In E.S. v. Austria, the Strasbourg Court endorsed the decision of an Austrian judge to restrict the freedom of speech. The domestic court acted within its margin of appreciation by considering that statements about the Prophet Mohammed went ‘beyond the permissible limits of an objective debate.’ Although this verdict was issued after the publication of Blasphemy and the Freedom of Speech, it remains illustrative for the observations of Tom Lewis and Jeroen Temperman. Both authors explain that the ECtHR has shown willingness to protect specific forms of speech, provided that it contributes to a public debate. However, when expressions are ‘gratuitously offensive’, the Court accepts a far wider margin of appreciation in which Member States can restrict the freedom of expression. Although both Lewis and Temperman have carefully deconstructed the artificial reasoning of the ECtHR, E.S. v. Austria confirms the authors’ message: when it comes to determining the protection of religious minorities, little guidance is to be expected from the ECtHR.
In addition to scrutinising ECtHR case law, Temperman makes another point that remains somewhat underdeveloped in other parts of the book. Through the Pussy Riot Case, in which three persons received harsh penalties under the Russian anti-blasphemy law for singing an anti-Putin song in a church, the author illustrates the connection between blasphemy bans and politics. Although less explicitly, other contributors equally hint at a political use of blasphemy bans. Ian Cram, for instance, warns that anti-blasphemy laws pose a threat to democracy, for they can become assimilationist tools in the identity politics of a Christian majority. Additionally, Tuomas Äystö explains the political significance of anti-blasphemy statutes for the Finnish establishment: whereas initially blasphemy bans served to contain the anti-religious propaganda of the Bolsheviks on the far left, they now form a shield against hate speech of the far right.
Another point of criticism is also related to a lack of attention to the politics behind blasphemy bans. In their respective parts, Effie Fokas and Tarlach McGonagle convincingly conclude that the anti-blasphemy laws of Greece and Ireland have become untenable. Yet, their historical backgrounds appear as being incomplete. Fokas, for instance, states that the Greek Criminal Law of 1834 included the crime of blasphemy, even though it was based on the Bavarian Code, the first European criminal code without offences against God. While Fokas does not offer a rationale for this divergence, an explanation can be found in an historical feature shared by Greece and Ireland. Both states have been part of an empire with a different prevailing religion. Hence, the Greek and Irish blasphemy bans could be seen as a reaction to centuries of Muslim and Anglican domination. Whilst usually the historical background enriches the book, it is unfortunate that both authors seemingly want to jump to conclusions without offering an adequate historical context.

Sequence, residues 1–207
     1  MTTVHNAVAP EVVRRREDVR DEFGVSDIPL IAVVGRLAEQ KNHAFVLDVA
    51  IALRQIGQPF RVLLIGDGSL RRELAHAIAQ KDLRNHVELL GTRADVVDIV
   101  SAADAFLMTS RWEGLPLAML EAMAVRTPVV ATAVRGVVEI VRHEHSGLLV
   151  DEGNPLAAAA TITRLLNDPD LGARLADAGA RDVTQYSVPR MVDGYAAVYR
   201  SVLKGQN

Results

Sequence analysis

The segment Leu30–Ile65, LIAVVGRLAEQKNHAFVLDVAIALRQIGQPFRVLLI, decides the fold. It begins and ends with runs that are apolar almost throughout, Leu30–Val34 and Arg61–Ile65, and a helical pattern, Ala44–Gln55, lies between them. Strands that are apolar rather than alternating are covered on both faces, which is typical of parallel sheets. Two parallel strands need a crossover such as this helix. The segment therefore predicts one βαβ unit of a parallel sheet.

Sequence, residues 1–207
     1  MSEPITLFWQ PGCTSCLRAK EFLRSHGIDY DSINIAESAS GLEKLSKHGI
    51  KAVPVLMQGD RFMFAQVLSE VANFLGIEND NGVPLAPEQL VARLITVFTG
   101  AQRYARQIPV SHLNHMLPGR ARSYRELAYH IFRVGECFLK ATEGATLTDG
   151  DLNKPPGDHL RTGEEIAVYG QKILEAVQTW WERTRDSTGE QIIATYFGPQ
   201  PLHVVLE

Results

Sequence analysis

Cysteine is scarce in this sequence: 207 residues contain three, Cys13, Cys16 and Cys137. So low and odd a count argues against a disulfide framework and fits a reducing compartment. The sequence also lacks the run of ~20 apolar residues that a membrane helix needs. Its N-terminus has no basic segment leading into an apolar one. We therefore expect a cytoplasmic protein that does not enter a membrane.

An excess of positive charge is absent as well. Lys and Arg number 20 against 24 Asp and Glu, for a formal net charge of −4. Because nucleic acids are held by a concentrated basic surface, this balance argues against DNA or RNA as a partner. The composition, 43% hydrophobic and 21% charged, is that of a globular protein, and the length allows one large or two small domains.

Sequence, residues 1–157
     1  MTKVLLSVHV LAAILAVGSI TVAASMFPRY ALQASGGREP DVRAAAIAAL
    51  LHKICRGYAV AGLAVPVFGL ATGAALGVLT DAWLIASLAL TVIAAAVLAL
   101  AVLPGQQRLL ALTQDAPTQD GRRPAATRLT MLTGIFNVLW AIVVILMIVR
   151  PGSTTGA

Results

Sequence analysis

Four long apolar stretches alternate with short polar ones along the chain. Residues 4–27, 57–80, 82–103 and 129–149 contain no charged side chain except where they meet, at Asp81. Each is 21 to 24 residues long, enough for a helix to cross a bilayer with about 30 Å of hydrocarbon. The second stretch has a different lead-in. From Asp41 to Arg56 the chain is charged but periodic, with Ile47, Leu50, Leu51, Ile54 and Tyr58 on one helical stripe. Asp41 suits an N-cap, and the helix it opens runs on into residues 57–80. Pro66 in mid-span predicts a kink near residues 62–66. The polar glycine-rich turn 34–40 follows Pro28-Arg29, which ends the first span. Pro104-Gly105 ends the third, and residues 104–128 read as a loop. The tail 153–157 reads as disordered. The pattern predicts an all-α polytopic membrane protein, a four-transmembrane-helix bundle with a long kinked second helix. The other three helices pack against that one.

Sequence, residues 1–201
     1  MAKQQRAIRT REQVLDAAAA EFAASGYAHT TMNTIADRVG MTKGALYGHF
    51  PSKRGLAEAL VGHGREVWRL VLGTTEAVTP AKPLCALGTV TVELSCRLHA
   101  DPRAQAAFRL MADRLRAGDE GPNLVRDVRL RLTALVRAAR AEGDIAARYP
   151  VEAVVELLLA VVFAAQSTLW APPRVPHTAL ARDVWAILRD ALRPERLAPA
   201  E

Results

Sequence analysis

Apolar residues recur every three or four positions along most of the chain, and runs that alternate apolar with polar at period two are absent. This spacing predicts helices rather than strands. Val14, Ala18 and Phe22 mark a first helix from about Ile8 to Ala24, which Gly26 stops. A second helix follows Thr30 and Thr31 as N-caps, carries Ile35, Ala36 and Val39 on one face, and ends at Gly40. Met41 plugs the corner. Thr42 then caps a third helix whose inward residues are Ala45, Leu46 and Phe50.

Nonetheless, Blasphemy and Freedom of Expression is a balanced book that offers refreshing insights in the complexities of freedom of speech and blasphemy. Reading it is particularly worth the time of academics and professionals in the field of free speech and freedom of religion or belief, and human rights professionals and students in general. It also is a recommendable read for those who profess an unlimited freedom of speech and those who believe in firm legal restrictions to defend (religious) sensitivities. The book aptly concludes with a ‘non-juriscentric’ approach to offensive or hateful speech concerning religion, which highlights the message of authors like Peter Cumper and András Koltay: we should not rely on the law to provide answers regarding the boundaries of freedom of expression. Educational efforts, political courage and a fair representation of minorities would foster a far greater respect and tolerance. It is a consideration for each other’s sensitivities – not a repressive law – that can solve controversies like the one of Aalst.
 Berry, Stephanie (2019) ‘Book Review: Jeroen Temperman and András Koltay (eds.), Blasphemy and Freedom of Expression: Comparative, Theoretical and Historical Reflections after the Charlie Hebdo Massacre’ (Cambridge University Press, 2017, xix + 750pp)’ Human Rights Law Review (19), 387-391.